The Redbubble Ltd’s [ASX:RBL] share price fell 20% after its latest results update flagged falling margins in pursuit of growth.
Shares in the e-commerce player closed 23% lower on Thursday.
Yesterday’s steep fall contributed to RBL shares being down 21% year-to-date.
Nonetheless, Redbubble’s growth has seen its share price rise 480% over the last 12 months.
Redbubble’s YTD performance
Redbubble — which lets independent artists sell their designs on items like T-shirts, stickers, and homewares — yesterday provided a trading update relating to the nine months ended 31 March 2021.
RBL’s YTD financial metrics were as follows:
- Marketplace Revenue of $456 million, up 85% (97% on a constant currency basis)
- Gross profit of $184 million, up 100% (114% on a constant currency basis)
- EBITDA of $51 million, compared to a loss of $2 million in FY20
- EBIT of $41 million, compared to a loss of $12 million in FY20
- Operating cash inflow of $54 million, compared to $6 million in FY20
- Closing cash balance at 31 March 2021 of $102 million
Despite these solid figures, not all metrics were positive.
For instance, while gross profit was up 55% in 3Q FY21 compared to 3Q FY20, paid acquisition (marketing) costs rose 71% in the corresponding period.
In yesterday’s shareholder conference, Redbubble CFO Emma Clark explained that RBL ‘saw organic demand soften in February and took up opportunities to drive additional top line growth via paid acquisition channels.’
And while EBIT grew a significant 91% in 3Q FY21, it was still in the red by $0.9 million.
Nonetheless, YTD FY21 EBIT grew by $53.1 million, lifting RBL out of the red zone to post a positive EBIT as of 31 March 2021 of $40.9 million.
Clark also pointed out Redbubble generates approximately 94% of its revenues in US dollars, the euro and pound sterling.
But since it’s domiciled in Australia, RBL translates the sales back to Australian dollars for reporting purposes.
Clark revealed that these FC differences were a ‘headwind for the year to date of 12%.’
The difference was even more pronounced in the latest quarter, with a headwind of 22%.
Redbubble CEO pitch to shareholders
In a letter to shareholders, recently appointed RBL CEO Michael Ilczynski laid out the company’s medium-term aspirations and overall direction.
Ilczynski reiterated Redbubble’s mission to ‘create the world’s largest marketplace for independent artists.’
With that mission in mind, the CEO told shareholders that Redbubble’s medium-term aspiration is to:
- Grow gross transaction value to more than $1.5 billion
- Grow artist revenue to $250 million
- Produce marketplace revenue of $1.25 billion per annum
A likely contributor to RBL’s sell-off was Ilczynski’s admission that achieving these aspirations will be a ‘challenge’ that may lead to ‘some short-term reduction in EBITDA margins.’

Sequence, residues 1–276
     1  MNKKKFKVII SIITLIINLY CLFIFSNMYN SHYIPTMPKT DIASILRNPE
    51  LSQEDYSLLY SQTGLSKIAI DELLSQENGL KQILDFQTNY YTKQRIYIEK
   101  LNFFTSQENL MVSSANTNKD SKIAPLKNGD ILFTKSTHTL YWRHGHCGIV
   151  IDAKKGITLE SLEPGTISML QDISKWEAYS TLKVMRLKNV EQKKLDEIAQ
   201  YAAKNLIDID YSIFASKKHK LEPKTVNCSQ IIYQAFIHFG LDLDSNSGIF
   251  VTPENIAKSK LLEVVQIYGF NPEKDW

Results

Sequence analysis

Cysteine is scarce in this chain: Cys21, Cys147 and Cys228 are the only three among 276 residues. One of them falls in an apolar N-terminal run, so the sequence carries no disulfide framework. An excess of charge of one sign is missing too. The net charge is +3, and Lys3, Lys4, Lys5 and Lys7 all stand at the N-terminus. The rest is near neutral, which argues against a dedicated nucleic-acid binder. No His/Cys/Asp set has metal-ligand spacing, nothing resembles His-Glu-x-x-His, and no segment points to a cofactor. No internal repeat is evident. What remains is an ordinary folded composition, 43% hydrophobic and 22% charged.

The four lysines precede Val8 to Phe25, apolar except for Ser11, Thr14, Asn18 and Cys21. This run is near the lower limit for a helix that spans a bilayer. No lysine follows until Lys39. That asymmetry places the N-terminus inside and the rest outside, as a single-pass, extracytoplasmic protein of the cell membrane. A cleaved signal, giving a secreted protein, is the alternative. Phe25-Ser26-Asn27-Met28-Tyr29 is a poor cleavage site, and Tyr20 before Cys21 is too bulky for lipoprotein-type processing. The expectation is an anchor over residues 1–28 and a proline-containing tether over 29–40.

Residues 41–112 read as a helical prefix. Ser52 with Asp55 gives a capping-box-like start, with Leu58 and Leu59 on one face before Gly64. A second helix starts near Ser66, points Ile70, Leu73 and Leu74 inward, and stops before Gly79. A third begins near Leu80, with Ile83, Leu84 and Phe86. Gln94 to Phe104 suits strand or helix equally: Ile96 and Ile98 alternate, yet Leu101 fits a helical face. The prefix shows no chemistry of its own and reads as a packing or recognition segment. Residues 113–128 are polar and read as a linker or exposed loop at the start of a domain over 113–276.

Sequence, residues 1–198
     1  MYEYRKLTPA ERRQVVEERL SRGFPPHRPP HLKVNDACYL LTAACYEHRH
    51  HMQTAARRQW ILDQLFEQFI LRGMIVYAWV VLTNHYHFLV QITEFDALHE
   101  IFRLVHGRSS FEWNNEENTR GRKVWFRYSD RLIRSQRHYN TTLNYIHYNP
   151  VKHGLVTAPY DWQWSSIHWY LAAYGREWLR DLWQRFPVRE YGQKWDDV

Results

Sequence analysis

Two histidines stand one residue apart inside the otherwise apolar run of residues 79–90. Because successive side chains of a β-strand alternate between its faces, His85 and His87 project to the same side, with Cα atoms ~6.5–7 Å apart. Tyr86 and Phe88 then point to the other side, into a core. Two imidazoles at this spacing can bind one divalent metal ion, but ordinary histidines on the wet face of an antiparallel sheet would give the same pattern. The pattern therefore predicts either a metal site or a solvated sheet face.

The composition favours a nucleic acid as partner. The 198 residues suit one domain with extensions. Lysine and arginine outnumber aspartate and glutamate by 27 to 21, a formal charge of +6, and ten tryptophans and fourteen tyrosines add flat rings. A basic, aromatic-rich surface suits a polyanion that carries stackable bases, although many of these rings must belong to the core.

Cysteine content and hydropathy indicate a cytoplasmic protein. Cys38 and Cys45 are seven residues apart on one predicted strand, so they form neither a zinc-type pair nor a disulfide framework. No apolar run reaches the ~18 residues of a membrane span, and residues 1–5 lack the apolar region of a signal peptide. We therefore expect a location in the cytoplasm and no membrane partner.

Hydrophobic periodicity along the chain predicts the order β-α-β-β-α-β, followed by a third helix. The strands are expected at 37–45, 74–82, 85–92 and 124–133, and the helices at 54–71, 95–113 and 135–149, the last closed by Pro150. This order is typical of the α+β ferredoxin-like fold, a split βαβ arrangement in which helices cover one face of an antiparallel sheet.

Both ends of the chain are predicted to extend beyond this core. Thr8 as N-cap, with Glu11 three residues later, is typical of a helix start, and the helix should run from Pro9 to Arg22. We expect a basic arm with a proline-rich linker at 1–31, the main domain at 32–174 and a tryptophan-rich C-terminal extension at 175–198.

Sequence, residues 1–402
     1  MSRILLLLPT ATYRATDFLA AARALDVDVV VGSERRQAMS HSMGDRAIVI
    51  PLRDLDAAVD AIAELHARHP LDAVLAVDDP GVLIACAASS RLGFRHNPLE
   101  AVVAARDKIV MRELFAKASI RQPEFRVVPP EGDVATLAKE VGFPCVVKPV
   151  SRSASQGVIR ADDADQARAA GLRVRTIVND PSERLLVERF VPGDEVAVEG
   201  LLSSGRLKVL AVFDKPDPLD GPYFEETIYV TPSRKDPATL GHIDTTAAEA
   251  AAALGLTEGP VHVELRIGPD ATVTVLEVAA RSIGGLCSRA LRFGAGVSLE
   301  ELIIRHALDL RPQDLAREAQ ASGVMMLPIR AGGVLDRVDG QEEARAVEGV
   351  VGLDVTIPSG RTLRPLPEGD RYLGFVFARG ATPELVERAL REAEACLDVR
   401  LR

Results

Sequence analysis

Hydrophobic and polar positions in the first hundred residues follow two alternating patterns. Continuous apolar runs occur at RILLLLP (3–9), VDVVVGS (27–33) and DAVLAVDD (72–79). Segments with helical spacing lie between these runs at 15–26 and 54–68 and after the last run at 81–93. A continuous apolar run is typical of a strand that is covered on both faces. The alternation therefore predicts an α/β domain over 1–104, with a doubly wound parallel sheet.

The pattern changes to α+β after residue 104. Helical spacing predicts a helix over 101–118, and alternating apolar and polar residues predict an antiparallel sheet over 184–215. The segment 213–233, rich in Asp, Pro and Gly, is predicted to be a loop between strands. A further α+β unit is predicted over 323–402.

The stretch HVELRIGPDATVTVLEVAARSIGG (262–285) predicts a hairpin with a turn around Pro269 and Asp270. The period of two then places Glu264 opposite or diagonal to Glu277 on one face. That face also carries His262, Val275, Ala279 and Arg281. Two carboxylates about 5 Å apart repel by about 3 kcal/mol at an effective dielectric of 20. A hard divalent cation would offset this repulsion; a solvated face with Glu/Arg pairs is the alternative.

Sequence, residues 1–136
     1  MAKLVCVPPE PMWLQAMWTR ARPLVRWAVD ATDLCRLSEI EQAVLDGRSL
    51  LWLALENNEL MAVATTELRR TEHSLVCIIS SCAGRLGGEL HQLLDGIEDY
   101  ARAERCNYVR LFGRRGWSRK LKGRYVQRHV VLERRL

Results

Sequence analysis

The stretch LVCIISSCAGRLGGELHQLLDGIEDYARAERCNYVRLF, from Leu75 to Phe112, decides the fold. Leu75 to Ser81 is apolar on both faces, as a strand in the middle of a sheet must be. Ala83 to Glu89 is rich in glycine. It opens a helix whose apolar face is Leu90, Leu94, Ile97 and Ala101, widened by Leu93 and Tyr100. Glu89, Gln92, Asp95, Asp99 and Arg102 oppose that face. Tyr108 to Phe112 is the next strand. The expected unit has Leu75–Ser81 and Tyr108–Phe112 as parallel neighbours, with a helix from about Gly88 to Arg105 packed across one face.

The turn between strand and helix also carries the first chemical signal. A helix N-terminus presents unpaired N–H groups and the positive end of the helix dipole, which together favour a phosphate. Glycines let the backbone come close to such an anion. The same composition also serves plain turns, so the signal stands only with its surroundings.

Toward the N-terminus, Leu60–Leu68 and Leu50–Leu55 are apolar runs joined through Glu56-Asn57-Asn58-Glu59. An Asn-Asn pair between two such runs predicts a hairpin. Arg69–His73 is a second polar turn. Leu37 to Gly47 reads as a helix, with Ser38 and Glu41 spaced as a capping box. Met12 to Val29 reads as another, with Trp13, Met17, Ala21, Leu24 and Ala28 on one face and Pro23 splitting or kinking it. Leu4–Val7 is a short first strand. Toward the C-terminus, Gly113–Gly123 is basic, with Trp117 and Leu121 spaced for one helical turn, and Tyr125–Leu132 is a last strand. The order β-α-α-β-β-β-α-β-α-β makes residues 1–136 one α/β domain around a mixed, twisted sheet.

Ilczynski expects that, short term, RBL’s EBITDA as a percentage of marketplace revenue will be ‘in the mid single digit range over an annual period.’
The CEO concluded that ‘above-system growth can only be achieved in the long-term through proactive actions. As such we will focus on a process of targeted experimentation, with disciplined investment only when we are confident in the returns to be generated.’
Ilczynski joined Redbubble from Seek after RBL Founder Martin Hosking led the company as interim CEO following the ousting of former leader Barry Newstead.
What does the update mean for Redbubble Share Price?
Redbubble is currently trading with a PE ratio of 33. For comparison, fellow e-commerce player Kogan.com Ltd [ASX:KGN] has a PE of 29.
To justify that multiple, investors may have expected stronger growth figures and less sobering talk of disciplined investment and shrinking margins.
OpenMarkets Group Chief Executive Ivan Tchourilov commented that Redbubble’s update ‘clearly disappointed investors.’
The Australian Financial Review even reported that RBL’s update ‘missed analysts’ revenue and profit margin expectations by a distance.’
Tchourilov thought RBL had a ‘fantastic run over the past 18 months, but it goes to show what can happen when valuations get ahead of themselves and earnings disappoint.’
On the other hand, Redbubble CFO Emma Clark noted in the conference call that RBL ‘operates through a retail cycle and is therefore seasonal in nature.’
She wished to remind investors that her company’s first half of the financial year is ‘always larger than the second half.’
Clark urged that ‘our financial metrics should be viewed over a full financial year period.’
In turn, RBC Capital Markets Analyst Tim Piper told the Australian Financial Review that the profit margin reduction was substantially lower than consensus earnings expectations over the next couple of years.
Piper noted that ‘what will be important to the direction of the share price now will be whether the market believes the longer-term aspirational targets can be met.’
In the end, Piper thought the implied margins included in the aspirational targets ‘do look a little on the conservative side of what we thought the business could achieve at greater scale, and this looks largely driven by the marketing requirements.’
Longer-term aspirations aside, there is no doubt Redbubble has shown some incredible growth recently.
With a market cap of $1.16 billion, RBL is no longer one of the ASX’s small-cap stars. But if you’re on the hunt for the next RBL, then I recommend reading our free report on promising ASX small-caps.
In the report, our market analyst Ryan Clarkson-Ledward reveals four undervalued stocks that could potentially soar in 2021. Click here to learn more.
For Money Morning